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INSTRUMENTATION FOR AND STUDIES IN A.C. VOLTAMMETRY
The work presented is divided into three sections. The first describes the study of ac voltammetric methods in flowing streams. The objective was to determine the dependence of the ac current on concentration, frequency, ac amplitude and dc scan rate for static and flowing conditions. The goal was to show that the ac current would be independent of the flow rate under the proper experimental conditions. The ac voltammetric experiment was shown to be independent of the flow rate over the entire range of flow rates studied. The second section describes the design and development of an ac electrochemical instrument that uses a lock-in amplifier with phase sensitive detection. A phase sensitive detector was designed that utilizes digital counting techniques and precision phase shifting circuitry to optimize the measurement of the faradaic signal in the presence of the capacitive background. The goal was to improve the detection limits for ac electrochemical measurements ten to one-hundred fold. Electrical measurements were made to evaluate performance characteristics, such as minimum detectable signal, dynamic range, dynamic reserve and phase angle resolution. The results from the electrical characterization data showed that the lock-in amplifier with digital phase sensitive detection performed very closely to design specifications. The final section describes a study made to evaluate the performance of the new ac electrochemical instrument in making actual ac electrochemical measurements. AC linear scan and amperometric experiments were performed on a reversible redox system, the ferri-ferrocyanide couple, at a carbon paste electrode. The object was to determine detection limits for these experiments with the new instrumentation. The detection limits obtained for the ac electrochemical experiments are 10 to 50 times better than previously reported detection limits for ac methods.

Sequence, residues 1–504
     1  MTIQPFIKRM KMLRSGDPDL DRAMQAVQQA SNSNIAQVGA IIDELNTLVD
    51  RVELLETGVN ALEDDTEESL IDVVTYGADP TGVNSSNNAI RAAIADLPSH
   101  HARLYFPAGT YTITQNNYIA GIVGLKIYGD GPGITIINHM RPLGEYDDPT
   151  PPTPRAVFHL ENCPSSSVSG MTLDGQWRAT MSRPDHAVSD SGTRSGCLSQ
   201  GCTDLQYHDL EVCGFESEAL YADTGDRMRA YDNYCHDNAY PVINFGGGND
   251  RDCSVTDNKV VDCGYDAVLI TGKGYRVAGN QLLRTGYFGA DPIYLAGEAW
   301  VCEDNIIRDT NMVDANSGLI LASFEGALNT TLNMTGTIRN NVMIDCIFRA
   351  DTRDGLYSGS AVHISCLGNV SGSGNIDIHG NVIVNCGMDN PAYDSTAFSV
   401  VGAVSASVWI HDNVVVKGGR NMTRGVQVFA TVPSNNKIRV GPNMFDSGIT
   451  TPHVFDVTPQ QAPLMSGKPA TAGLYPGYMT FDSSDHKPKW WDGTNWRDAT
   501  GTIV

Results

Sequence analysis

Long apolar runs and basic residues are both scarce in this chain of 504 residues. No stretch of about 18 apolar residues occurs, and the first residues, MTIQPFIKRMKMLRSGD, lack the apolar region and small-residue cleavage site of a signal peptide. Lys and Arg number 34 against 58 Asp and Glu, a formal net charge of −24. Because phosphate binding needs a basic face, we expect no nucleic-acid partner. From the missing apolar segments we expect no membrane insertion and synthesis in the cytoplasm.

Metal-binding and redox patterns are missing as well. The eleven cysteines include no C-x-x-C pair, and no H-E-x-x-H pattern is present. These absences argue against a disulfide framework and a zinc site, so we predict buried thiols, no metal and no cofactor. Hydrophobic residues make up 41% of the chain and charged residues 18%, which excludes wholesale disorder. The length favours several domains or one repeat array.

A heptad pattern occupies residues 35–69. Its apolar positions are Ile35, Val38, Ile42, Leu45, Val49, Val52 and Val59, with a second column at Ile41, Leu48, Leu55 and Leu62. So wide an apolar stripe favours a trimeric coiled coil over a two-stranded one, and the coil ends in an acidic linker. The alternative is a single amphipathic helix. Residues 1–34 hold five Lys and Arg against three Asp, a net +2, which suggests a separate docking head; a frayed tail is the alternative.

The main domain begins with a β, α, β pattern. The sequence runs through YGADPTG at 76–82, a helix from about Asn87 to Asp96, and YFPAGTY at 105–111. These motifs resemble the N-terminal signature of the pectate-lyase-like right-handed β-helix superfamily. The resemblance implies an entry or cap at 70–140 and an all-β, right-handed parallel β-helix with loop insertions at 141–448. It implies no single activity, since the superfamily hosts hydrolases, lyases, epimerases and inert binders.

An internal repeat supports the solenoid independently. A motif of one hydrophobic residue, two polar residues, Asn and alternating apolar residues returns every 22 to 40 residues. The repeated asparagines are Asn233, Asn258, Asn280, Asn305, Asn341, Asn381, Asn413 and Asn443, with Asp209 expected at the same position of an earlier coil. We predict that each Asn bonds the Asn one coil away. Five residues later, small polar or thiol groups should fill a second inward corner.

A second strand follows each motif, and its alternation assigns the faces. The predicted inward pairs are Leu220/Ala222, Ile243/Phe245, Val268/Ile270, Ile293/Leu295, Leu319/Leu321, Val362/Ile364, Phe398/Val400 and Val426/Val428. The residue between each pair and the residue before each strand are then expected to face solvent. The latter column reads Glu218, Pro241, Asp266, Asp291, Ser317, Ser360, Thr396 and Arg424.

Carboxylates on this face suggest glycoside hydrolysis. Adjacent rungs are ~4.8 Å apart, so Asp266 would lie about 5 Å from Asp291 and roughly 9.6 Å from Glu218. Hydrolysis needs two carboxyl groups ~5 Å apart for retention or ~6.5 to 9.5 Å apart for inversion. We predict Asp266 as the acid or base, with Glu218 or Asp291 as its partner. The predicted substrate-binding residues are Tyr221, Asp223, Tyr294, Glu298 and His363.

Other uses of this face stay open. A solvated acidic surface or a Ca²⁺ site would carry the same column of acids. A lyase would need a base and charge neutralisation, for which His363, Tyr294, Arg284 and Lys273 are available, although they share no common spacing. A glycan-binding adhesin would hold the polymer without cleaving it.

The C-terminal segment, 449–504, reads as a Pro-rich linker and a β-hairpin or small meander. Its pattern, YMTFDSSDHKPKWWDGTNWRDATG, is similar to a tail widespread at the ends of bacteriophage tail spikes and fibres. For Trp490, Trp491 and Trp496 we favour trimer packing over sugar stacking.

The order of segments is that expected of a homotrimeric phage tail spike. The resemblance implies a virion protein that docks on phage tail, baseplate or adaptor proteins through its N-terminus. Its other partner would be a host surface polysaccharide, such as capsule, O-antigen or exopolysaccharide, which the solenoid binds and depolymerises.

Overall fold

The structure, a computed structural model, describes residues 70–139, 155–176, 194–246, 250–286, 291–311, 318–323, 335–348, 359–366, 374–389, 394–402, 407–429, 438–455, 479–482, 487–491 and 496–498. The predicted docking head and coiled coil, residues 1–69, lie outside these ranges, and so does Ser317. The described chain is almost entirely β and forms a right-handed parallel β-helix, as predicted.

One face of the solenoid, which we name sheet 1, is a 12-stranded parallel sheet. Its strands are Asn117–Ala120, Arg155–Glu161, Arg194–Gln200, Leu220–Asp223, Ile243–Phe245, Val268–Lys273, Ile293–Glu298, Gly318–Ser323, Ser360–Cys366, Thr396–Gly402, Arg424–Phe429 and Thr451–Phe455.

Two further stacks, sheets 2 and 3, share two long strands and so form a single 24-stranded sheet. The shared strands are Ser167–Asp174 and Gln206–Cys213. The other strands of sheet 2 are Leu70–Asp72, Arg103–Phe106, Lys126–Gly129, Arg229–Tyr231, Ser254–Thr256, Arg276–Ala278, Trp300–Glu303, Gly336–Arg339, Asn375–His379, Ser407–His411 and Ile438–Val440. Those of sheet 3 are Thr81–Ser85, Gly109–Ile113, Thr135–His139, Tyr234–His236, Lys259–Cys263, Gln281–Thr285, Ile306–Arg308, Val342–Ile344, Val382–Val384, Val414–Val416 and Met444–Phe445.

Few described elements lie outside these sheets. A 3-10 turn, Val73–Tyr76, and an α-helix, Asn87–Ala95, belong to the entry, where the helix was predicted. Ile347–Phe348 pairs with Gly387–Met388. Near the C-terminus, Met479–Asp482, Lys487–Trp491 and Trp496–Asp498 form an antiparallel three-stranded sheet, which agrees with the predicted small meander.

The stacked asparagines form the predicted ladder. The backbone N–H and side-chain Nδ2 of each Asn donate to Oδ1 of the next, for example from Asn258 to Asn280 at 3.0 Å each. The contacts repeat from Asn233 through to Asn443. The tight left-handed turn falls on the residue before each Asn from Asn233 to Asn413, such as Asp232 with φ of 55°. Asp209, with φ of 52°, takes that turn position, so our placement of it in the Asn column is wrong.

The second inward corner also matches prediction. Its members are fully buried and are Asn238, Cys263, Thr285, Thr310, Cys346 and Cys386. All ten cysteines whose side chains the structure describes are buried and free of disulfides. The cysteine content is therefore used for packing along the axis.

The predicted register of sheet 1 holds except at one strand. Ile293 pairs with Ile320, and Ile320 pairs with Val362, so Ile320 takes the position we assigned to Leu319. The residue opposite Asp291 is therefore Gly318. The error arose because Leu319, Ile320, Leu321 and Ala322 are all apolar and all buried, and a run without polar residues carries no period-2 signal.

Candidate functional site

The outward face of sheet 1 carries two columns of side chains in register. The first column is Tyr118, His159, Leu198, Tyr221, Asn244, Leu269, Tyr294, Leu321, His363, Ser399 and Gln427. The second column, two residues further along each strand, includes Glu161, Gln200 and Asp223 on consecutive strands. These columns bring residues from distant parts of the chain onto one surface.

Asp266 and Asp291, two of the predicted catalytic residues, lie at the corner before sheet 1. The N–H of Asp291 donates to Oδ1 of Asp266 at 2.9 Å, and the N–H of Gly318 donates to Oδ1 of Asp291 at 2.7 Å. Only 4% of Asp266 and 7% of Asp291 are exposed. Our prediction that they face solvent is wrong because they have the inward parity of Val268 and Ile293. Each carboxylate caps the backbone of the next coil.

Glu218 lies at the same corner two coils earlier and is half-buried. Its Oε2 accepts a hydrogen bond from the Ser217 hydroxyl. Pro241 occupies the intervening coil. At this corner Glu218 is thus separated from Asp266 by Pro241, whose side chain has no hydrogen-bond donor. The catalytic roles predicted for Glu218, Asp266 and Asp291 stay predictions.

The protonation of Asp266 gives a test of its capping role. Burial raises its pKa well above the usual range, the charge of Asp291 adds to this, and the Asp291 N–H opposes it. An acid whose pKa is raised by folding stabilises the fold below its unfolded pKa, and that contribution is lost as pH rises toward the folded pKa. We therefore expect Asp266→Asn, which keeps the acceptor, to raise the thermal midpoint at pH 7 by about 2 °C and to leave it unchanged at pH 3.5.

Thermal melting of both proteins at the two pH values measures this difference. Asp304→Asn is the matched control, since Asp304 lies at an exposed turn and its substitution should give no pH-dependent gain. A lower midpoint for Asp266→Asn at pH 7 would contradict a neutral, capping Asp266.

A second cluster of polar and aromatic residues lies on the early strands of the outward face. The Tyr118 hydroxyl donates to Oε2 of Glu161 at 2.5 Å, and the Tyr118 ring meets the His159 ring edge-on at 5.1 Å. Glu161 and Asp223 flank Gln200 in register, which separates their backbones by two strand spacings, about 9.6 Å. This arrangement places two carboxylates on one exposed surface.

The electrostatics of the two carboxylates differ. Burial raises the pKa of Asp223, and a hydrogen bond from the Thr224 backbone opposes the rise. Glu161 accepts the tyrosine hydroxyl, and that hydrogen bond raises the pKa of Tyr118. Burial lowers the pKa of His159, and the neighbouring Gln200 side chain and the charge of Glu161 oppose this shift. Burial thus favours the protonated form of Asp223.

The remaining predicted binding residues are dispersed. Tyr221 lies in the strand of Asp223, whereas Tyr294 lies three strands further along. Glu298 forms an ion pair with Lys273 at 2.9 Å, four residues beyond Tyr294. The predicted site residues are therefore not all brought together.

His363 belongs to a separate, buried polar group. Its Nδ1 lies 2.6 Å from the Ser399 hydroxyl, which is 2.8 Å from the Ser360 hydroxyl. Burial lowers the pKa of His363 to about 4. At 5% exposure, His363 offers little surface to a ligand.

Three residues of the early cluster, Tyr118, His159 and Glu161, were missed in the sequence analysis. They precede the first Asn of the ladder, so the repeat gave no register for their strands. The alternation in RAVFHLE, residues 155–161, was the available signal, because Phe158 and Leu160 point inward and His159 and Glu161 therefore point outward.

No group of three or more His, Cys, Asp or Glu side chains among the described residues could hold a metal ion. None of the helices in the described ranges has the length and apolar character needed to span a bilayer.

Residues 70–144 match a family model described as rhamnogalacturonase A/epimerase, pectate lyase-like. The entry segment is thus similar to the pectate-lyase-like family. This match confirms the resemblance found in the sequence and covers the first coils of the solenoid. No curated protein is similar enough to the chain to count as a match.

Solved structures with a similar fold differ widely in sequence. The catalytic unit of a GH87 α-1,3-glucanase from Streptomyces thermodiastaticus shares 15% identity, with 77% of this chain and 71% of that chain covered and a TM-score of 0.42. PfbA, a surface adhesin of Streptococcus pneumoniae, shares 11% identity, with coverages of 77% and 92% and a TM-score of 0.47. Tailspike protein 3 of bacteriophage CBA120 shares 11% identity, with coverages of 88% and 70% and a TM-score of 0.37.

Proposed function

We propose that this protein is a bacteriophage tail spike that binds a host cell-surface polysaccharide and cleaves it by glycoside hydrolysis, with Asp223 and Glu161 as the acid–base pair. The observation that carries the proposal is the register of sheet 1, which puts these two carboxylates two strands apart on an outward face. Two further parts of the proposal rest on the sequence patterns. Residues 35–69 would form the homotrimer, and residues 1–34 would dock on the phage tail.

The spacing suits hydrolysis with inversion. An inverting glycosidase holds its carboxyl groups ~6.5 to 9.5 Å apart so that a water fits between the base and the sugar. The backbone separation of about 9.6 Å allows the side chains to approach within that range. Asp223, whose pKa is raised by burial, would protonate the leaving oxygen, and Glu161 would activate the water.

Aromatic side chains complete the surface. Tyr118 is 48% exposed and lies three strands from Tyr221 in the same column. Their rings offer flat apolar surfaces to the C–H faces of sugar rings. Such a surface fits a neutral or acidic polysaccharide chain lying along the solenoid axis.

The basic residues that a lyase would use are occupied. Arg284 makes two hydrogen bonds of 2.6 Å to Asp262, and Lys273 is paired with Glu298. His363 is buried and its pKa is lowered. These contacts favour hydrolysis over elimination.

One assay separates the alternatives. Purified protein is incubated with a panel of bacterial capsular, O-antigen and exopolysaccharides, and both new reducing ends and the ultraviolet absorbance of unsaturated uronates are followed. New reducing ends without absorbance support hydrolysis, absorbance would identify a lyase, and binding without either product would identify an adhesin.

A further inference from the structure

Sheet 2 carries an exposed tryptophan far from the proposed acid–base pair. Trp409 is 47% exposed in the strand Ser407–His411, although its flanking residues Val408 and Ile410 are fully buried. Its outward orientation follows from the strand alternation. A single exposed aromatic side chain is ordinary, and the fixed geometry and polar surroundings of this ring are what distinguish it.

KINGSLEY, EDWARD DWIGHT, "INSTRUMENTATION FOR AND STUDIES IN A.C. VOLTAMMETRY" (1983). Doctoral Dissertations Available from Proquest. AAI8310303.